Monday, September 8, 2008

The ordinary becomes extraordinary through Florida visitors' eyes

Simply Living

(First appeared in Orlando Sentinel September 8, 2008)

Sometimes we forget how extraordinary our surroundings are, and it helps to look at the familiar through another person's eyes. That happened the other day when a young couple from Spokane, Wash., accompanied their relatives on a visit to our nursery.

While their companions concentrated on choosing the best plants to provide a privacy screen, the young couple -- they couldn't have been more than 21 or 22 -- took in the semitropical, Central Florida surroundings with childlike curiosity.

Their first question -- "Are there alligators in the lake?" -- was a typical, first-time-in-Florida query. I would have mistakenly pigeon-holed them as non-outdoorsy, timid types had they not followed up with another question.

"What kind of spider is this?" they asked, pointing to a spiny-backed orb weaver that had strung an intricate web between an irrigation spigot and bamboo cane.

I could tell by their voices, postures and rapt attention these two were not intimidated by nature's minutiae. I love it when I meet people like that. Too often, adults -- even some children -- are so frightened by spiders, snakes and other creeping, crawling critters that they lose all perspective and act irrationally.

We all know sane, peaceful individuals who turn into screeching killing machines when they encounter one of nature's smallest creatures. Instead of learning about these fascinating and often beneficial critters, they go ballistic. They grab whatever object is handy -- shoe, bug spray, shovel or fly swatter -- and go into destroy mode.

Fortunately, that was not the case with my Spokane visitors. They were eager to learn all they could about the unfamiliar.

Looking more like a miniature crab than an arachnid, the spiny-backed orb weaver's compact, oddly shaped black-and-white body is distinguished by six pointy, red spines. Although quite small -- less than one-third-of-an-inch long and barely a half-inch wide -- this harmless, insect-eater's bizarre appearance differentiates it from other spiders.

Because it is frequently found in gardens -- as I am -- I've grown accustomed to seeing this spider and rarely pay it much attention. But the young couple paid attention. The backyard beauty that I had come to see as ordinary was far from common to these Pacific Northwest residents.

"I've never seen anything like it," said the woman as she peered at the spider waiting mid-web for a mosquito to trap.

That could have been the end of it -- one weird-looking creature to demonstrate the unique Southern landscape. But at that point, another insect caught their attention. They reacted with simultaneous squeals of surprise.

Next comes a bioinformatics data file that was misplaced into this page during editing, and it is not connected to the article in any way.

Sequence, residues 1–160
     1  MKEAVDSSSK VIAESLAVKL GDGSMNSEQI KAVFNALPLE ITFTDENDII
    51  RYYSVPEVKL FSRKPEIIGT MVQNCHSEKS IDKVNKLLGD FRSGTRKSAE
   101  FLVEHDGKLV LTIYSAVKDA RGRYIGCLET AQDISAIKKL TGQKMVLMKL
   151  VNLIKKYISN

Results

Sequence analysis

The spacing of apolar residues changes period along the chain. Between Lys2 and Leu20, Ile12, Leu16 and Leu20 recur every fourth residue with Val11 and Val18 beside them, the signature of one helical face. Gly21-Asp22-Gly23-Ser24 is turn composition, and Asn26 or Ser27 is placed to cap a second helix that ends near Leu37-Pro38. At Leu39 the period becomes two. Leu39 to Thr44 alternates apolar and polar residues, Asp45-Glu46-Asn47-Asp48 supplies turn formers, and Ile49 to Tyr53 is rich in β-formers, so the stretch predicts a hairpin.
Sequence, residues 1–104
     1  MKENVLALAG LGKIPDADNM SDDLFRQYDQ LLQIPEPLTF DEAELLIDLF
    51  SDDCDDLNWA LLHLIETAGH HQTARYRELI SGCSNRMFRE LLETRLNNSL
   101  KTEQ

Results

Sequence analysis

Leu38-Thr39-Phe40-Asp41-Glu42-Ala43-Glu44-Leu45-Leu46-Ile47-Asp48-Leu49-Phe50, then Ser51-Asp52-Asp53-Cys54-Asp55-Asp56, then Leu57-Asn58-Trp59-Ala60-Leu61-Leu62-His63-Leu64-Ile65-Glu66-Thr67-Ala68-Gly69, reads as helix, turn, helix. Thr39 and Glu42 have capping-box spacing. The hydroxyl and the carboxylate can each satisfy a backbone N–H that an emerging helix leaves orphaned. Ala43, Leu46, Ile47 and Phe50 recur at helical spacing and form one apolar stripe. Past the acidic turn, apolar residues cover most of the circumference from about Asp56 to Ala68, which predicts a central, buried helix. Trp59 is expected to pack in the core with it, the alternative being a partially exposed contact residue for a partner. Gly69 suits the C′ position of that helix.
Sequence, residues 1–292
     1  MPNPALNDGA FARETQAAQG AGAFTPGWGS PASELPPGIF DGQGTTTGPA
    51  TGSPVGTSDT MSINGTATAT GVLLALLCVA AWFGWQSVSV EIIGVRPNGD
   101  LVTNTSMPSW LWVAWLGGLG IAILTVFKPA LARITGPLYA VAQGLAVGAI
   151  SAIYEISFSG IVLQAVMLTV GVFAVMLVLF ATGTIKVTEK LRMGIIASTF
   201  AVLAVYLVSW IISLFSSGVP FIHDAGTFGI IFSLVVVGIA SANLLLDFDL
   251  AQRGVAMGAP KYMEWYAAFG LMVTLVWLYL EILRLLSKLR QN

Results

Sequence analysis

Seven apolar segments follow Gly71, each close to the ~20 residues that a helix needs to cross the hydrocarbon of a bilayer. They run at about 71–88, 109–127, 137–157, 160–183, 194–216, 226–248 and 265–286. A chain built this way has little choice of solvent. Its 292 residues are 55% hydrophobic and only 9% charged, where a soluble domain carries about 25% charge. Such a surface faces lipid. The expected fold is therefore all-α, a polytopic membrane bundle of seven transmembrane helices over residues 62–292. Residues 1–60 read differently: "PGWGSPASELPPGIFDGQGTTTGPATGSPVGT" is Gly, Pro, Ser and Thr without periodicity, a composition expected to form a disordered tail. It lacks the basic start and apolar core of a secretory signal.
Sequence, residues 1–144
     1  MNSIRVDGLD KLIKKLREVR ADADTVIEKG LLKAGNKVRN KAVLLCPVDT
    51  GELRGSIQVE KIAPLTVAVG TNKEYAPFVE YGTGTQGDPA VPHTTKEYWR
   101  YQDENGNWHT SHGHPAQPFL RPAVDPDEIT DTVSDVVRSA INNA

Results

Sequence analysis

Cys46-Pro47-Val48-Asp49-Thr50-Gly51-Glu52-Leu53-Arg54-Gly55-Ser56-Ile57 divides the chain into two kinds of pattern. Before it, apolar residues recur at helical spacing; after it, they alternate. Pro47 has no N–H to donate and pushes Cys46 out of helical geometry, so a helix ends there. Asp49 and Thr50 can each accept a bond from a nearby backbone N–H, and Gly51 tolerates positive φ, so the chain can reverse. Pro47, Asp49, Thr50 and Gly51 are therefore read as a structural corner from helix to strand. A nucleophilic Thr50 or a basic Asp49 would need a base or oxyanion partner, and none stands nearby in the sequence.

"What's that bug?" they asked, pointing at a large, fuzzy-looking orange thing scurrying across a sandy stretch of ground.

"Oh," I responded matter-of-factly. "That's a velvet ant. Be careful. They sting."

My response may have been understated, but there's nothing run-of-the-mill about a velvet ant's appearance. Like the spiny-backed orb weaver, this is a one-of-a-kind critter in Florida's insect world.

Nicknamed "cow killer," this colorful member of the Mutillidae family is a good example of a look-but-don't-touch critter. Although it resembles and moves like a cuddly wind-up toy put into motion, the inch-long insect is really a wingless wasp with a potent sting. According to legend, a velvet ant's venom can kill a cow, and while that's probably a stretch, I'm not about to put it to the test.

From a respectful distance, we watched as the bright-orange-and-black insect followed a fast-paced path to an underground burrow, where it was most likely bound to either lay eggs or find food. It must have been a female ant, because its elusive male counterpart has wings and is slightly larger.

For a few minutes, the three of us stood side by side, captivated by the velvet ant's determined trek through blades of grass and over bumpy ground. I don't know what my visitors were thinking, but I could tell they were fascinated. So was I.

It's easy to take things for granted. Repetition has the tricky ability to rub the shine off novelty. When I moved to Florida, I was completely awed by torrential downpours that ended as quickly as they began and by the sight of rain pouring down on one side of the lake and not the other. Eventually, I grew used to these things.

I even grew used to rainbows. Imagine that -- taking rainbows for granted. But it happened. A little bit of time and a lot of repetition turned the extraordinary into the ordinary.

That's why I'm glad my mind-set has been rebooted. I don't know how long this fresh outlook will last, but thanks to two crazy-looking bugs and a couple of curious tourists, I'm enjoying a fresh perspective -- seeing my surroundings as if for the first time.

Florida's a wild and crazy place filled with some weird and fascinating creatures, and I'm here to enjoy every minute of it.

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